Coon is the operations manager at Charles R. Wood Theater, a job she got after receiving her master’s degree in 2010, but her debt is continuing to pile up — she’s in a four-year Ph.D. program because she would like to teach one day, she said.

She got her bachelor’s degree from SUNY New Paltz and paid off the roughly $20,000 in student loan debt by living at home with her parents and working.

“It’s scary to owe that much money when you’re 21,” she said.

Once she paid that down, she went to Indiana University for her master’s degree. The tuition was more expensive because Coon was from out of state, and there were also fewer funding options, she said.

“I’m getting my Ph.D. now because I don’t want to go back to school later in life — it’s only going to get more expensive,” Coon said. “I’m just taking out enough to pay for my tuition and, four times a year, I’m waiting for the money to clear so everything is paid for.”

Coon is scheduled to finish her Ph.D. in June 2014, and because her program is online, she pays thousands of dollars out of pocket in registration fees for conferences, as well as travel expenses.

Because Coon works for a nonprofit, there’s a government program that allows her student loans to be forgiven if she makes 120 on-time full payments, though that still means a decade of paying back her loans, she said.

“That’s kind of what I’m counting on,” she said.

‘Squirrel everything away’

Lynsey Urrico graduated from SUNY New Paltz just as the job market started failing.

The Lake George High School graduate returned to live at home with her parents with a history degree and $20,000 in student loan debt, and ended up taking a job at a hotel.

“I very quickly leaned it’s not that reliable in our area, because once the tourists leave, they kind of close up shop for the season,” Urrico said. “You have to squirrel everything away and hope you have enough to make it through to your tax returns.”

For the past few years, she has done that to get by, but expects she’ll be paying off her student loans for a long time.

“I was able to defer my loans for a little bit, but the interest keeps going up. I have $20,000 to pay back and that’s growing every time I have to defer it,” Urrico said. “I live with my parents because I can’t afford to have a house or apartment on my own. I help them out when I can by picking up groceries or a vet bill.”

‘I think it’s worth it’

Jamie Ainsworth has $45,000 worth of student loan debt from her two years at ITT Technical Institute in Albany. Most of the loans she has are federal loans, but she had to take out a personal loan to finish her associate degree. She wants to go back to school to at least get her bachelor’s degree, but that’s out of the question right now.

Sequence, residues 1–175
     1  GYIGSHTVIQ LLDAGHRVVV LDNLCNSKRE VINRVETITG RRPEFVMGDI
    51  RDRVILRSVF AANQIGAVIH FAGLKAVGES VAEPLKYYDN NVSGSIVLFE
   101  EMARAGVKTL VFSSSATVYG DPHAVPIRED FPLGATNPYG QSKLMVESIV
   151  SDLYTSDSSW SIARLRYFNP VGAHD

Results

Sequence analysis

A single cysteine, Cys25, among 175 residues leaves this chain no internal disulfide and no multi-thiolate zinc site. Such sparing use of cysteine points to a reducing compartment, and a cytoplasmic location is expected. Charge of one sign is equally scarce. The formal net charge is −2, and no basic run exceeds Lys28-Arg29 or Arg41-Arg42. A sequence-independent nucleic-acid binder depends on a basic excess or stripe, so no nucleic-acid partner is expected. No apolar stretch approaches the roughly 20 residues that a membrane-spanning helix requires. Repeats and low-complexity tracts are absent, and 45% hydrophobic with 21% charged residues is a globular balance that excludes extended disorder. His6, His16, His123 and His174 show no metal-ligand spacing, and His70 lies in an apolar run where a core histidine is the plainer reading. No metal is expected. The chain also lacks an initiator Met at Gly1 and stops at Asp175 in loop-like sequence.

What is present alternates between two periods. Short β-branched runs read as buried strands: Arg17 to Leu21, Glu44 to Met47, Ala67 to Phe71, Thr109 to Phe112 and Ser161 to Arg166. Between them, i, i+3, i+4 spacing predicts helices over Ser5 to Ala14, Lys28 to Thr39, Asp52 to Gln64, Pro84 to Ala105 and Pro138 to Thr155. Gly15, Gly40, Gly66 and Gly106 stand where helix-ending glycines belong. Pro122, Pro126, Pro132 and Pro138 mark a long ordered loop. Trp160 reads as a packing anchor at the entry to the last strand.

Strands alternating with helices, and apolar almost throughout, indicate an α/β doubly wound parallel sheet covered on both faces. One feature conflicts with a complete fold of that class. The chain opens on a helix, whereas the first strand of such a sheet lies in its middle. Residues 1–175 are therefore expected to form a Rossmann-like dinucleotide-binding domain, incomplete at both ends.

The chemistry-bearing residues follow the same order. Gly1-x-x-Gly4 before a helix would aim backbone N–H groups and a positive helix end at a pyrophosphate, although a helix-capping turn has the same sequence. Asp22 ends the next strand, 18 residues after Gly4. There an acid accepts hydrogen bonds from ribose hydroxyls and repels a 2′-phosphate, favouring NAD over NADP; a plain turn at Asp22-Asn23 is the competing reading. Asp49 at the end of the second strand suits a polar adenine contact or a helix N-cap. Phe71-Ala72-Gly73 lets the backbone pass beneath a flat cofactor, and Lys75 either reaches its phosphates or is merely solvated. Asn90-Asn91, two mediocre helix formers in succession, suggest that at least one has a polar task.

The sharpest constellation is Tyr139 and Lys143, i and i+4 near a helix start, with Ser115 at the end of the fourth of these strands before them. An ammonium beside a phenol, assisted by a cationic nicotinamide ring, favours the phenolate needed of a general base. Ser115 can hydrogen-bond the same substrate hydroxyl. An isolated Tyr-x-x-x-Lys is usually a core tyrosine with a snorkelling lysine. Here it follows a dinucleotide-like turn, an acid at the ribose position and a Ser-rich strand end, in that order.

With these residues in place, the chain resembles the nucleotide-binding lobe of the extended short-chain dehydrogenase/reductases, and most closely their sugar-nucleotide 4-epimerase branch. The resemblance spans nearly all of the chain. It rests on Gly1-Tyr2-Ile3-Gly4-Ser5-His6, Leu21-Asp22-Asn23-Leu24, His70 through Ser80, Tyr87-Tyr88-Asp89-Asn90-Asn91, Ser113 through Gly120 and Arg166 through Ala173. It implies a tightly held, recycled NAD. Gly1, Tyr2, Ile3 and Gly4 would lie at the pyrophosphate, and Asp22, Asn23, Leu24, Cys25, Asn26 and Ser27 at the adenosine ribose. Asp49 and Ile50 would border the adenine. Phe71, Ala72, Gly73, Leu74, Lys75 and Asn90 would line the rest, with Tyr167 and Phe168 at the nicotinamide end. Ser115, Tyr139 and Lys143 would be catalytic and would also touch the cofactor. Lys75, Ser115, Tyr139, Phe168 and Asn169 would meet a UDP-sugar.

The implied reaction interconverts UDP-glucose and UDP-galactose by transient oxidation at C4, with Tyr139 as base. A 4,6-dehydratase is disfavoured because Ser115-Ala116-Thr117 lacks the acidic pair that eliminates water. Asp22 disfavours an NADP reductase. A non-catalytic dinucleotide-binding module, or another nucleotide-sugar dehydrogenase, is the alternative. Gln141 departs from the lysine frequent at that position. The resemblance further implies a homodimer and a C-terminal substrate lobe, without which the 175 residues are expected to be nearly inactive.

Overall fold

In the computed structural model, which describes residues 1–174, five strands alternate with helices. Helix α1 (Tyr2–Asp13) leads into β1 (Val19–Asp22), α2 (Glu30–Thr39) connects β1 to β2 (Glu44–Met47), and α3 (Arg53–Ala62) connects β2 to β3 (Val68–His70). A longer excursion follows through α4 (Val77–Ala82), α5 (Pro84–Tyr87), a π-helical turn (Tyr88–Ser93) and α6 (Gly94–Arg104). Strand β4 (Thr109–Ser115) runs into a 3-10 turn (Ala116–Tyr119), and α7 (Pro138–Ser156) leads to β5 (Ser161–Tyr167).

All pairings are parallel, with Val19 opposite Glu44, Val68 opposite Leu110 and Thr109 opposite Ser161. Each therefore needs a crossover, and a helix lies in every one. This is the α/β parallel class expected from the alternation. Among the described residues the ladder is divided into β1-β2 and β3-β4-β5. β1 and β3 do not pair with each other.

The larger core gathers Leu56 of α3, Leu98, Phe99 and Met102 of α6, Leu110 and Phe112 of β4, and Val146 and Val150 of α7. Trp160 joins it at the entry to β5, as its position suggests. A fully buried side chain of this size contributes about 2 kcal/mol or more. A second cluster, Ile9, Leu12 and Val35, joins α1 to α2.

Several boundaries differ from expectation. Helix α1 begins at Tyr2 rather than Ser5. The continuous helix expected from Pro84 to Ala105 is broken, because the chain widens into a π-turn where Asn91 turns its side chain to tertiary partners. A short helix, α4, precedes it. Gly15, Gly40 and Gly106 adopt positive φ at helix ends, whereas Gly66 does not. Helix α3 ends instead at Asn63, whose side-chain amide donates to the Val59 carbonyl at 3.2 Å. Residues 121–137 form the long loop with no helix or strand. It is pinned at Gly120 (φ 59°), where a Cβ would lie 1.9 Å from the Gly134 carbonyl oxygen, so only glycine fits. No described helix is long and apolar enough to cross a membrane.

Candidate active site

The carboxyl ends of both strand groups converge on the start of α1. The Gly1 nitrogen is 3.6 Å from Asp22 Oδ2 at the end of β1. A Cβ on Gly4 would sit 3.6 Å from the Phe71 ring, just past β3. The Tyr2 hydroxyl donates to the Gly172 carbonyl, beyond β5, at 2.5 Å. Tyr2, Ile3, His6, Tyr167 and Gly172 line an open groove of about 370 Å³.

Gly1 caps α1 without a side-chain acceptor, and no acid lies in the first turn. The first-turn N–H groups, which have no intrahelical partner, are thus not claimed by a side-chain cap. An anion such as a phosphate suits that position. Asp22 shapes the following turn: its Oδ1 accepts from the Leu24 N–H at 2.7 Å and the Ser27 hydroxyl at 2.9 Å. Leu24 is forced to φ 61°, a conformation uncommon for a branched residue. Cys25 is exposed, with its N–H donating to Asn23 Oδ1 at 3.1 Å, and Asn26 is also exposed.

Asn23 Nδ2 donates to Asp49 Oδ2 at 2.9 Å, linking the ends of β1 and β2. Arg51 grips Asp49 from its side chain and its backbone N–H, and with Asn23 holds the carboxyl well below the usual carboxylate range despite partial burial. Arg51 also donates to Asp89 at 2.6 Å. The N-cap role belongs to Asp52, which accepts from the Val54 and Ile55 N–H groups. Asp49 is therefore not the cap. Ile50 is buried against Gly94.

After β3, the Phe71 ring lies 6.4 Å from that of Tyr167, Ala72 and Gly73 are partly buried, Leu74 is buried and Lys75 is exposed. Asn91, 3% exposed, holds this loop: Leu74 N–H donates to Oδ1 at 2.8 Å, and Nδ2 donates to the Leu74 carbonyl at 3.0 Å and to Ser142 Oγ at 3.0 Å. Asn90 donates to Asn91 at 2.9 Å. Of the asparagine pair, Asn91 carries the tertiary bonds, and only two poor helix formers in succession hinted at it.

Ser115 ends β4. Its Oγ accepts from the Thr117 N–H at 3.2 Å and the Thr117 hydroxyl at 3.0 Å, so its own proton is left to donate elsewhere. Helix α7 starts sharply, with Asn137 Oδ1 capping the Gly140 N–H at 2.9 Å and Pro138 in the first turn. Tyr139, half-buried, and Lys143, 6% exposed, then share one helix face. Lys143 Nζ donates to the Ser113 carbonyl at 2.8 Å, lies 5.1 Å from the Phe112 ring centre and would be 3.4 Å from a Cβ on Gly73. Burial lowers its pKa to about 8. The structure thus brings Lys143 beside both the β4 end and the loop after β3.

Ainsworth recalled the process she went through to get a student loan — being told she needed a co-signer when she didn’t have one.

“I went home and cried,” she said. “It was terrible.”

Ainsworth works as an electronics technician at Integra Networks in Albany, and she and her boyfriend rent a house from her grandfather in Hudson Falls. Her boyfriend is also paying off student loan debt, and her grandfather doesn’t charge them a lot for the house, which is the only way they’re able to make it work, she said.

“In order to go back (to school) I would have to either pay as I go or maybe look for some assistance,” Ainsworth said. “I tried to do that at ITT, but I didn’t qualify because I was in that certain bracket where I got absolutely no help basically. That hurt me a lot.”

Caitlin Hartung, a Fort Ann High School graduate, is more fortunate than some of her friends. She hasn’t had to take out any loans yet to pay for her first year at the College of Saint Rose, but she knows it’s inevitable, she said.

She’s majoring in political science with a minor in pre-law, and she wants to attend law school in the future. She already has a few friends who are leaving after the semester because the cost is too high.

Tuition is about $37,000 per year, she said.

“The sad thing is, you want to better yourself, you get a good job and half your salary goes to (paying off) loans,” Hartung said. “Was it worth it, or was it not worth it? I think it’s worth it, but some people don’t. I hope I can put off loans as long as possible.”